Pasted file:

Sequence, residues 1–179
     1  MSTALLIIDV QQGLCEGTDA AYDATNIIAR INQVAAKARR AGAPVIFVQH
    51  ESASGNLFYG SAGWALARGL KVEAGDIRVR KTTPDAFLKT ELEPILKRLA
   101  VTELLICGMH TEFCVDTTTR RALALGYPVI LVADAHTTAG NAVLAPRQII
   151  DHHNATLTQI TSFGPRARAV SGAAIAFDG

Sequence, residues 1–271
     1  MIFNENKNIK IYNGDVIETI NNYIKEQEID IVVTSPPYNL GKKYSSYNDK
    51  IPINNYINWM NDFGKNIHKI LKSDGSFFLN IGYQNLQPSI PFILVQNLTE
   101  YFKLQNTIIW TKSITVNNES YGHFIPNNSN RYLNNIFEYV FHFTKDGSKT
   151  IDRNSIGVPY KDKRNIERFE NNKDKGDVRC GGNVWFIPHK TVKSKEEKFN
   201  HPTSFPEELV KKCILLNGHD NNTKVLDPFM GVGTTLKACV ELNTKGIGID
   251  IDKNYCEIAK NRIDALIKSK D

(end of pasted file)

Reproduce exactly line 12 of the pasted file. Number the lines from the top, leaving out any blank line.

   251  IDKNYCEIAK NRIDALIKSK D